A war in Europe exposes Mozambique’s poor investment in agriculture

Saturday November 05 2022
A farmer irrigating his field in Mozambique.

A farmer irrigating his field in Mozambique. The country is witnessing on its doorstep a shock coming from the Russian-Ukrainian war – sharply rising food prices. PHOTO | MARCO LONGARI | AFP


Mozambique has always been subject to persistent food insecurity, due in part to low investment in food production and natural disasters. Now it is witnessing on its doorstep a shock coming from the Russian-Ukrainian war – sharply rising food prices.

Matilde Jose, 40, is a vegetable saleswoman in the city of Chimoio in central Mozambique. Sitting in a stake and grass tent, she talks about difficult days for herself and her children.

"Life is expensive. The price of rice, corn and oil is rising," she said. “It's getting harder and harder to get food for my kids,” she added.

With the rise in prices of essential goods many low-income families are struggling to put food on the table.

According to official statistics, in the first half of the year Mozambique recorded the biggest price increase in five years (11.7 per cent), with the price of food products rising by 17.9 per cent). According to experts, the war between Russia and Ukraine reveals only "an old phenomenon": weak investments in food production.

Not considered a priority


“Food production has not been considered a priority,” commented Antonio Souto, a Mozambican senior economist, who is an expert on agribusiness.

Instead, “investments in agricultural production have been focused mainly on the production of export goods such as tobacco, cotton, cashews, sugar and, more recently, sesame, soybeans and sisal”, he said.

As a result, Mozambique has become an “importer of maize, rice, food oil and other essential goods to ensure food security”.

Mozambique is one of the eight largest wheat importers from Ukraine and Russia in sub-Saharan Africa, according to IMF data. From Ukraine Mozambique also imports fertilisers and food oil.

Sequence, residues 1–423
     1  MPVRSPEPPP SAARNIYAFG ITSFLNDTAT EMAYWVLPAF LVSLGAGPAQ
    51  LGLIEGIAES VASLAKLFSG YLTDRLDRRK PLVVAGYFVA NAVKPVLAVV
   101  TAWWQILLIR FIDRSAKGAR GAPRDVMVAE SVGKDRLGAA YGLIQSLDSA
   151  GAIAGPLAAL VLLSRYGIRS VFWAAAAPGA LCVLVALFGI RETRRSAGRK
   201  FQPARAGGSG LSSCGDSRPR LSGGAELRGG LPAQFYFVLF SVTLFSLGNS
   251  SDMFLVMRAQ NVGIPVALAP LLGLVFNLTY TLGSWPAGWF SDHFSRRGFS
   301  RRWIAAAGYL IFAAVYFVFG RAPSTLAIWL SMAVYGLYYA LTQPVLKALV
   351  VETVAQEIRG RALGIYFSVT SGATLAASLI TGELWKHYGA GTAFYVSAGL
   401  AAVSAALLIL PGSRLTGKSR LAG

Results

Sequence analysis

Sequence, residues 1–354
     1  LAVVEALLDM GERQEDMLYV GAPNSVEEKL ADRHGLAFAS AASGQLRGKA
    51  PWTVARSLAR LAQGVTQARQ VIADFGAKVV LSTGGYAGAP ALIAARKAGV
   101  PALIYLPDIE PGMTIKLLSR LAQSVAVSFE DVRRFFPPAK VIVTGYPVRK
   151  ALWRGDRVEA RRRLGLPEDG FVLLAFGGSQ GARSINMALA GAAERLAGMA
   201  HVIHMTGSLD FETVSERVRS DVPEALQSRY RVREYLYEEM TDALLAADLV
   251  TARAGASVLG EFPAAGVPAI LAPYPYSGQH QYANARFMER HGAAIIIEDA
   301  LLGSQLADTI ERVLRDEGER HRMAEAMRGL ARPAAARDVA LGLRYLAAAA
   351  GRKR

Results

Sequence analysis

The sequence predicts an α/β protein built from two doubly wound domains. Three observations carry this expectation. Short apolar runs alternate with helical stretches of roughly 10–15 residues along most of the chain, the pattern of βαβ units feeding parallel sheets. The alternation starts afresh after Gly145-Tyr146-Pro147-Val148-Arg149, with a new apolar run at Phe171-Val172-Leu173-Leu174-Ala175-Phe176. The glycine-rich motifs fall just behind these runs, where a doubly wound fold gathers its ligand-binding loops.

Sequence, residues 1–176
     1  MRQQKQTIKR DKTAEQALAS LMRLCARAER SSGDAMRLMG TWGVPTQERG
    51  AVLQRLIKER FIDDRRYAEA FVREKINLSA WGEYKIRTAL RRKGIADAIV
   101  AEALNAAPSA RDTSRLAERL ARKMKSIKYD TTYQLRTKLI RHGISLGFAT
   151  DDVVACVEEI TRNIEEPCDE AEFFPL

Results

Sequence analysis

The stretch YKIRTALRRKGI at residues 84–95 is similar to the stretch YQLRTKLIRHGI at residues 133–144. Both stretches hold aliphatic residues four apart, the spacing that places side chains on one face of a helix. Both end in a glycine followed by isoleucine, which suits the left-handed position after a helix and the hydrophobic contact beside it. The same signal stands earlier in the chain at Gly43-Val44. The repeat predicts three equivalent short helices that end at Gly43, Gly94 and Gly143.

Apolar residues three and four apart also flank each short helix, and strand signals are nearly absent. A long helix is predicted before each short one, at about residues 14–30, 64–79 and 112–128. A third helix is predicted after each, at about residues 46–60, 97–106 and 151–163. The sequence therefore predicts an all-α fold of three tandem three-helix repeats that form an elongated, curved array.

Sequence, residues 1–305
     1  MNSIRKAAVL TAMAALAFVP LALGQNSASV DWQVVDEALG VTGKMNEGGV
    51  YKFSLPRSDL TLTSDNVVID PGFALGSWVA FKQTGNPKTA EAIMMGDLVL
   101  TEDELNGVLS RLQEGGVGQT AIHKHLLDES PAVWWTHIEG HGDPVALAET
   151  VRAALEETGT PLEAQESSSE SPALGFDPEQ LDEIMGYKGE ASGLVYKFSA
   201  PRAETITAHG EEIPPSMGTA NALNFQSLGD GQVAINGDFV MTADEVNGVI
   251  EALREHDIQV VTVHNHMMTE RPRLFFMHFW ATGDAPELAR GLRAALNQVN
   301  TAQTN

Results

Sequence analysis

Its productive dependence on the two countries in the food sector as well as outages caused by the pandemic that exacerbated trade deficits and made imports more expensive, are to blame for the rise in the price of essential goods in the country.

Regional trade gaps

Intraregional trade could be an alternative to alleviate the burden, but Mozambique's food production sector is far from taking advantage of the opening of regional borders.

"In the region we do not yet have comparable economies, as South Africa persists as the large and only industrial hub, and Mozambique has no manufacturing industry, particularly in the food chain sector", Souto said.

Despite these constraints, Mozambique is trying to run faster to solve problems of domestic productive inefficiency. The government in August 2022 adopted a package of measures for the agriculture sector, including reduction of the tax of companies in the agricultural sector from 32 per cent to 10 per cent, and the exemption from VAT on imports of agricultural inputs. At the time, President Filipe Nyusi called on the private sector to start investing inwheat production.

The measures, though, are considered by some not to have gone far enough.

Smallholder farmers

"The priority should be creating conditions for the millions of smallholder farmers or family farmers to improve the productivity of their food crops and ensure that the thousands of families affected and displaced by disasters and war can restart production in a more resilient way," Souto said.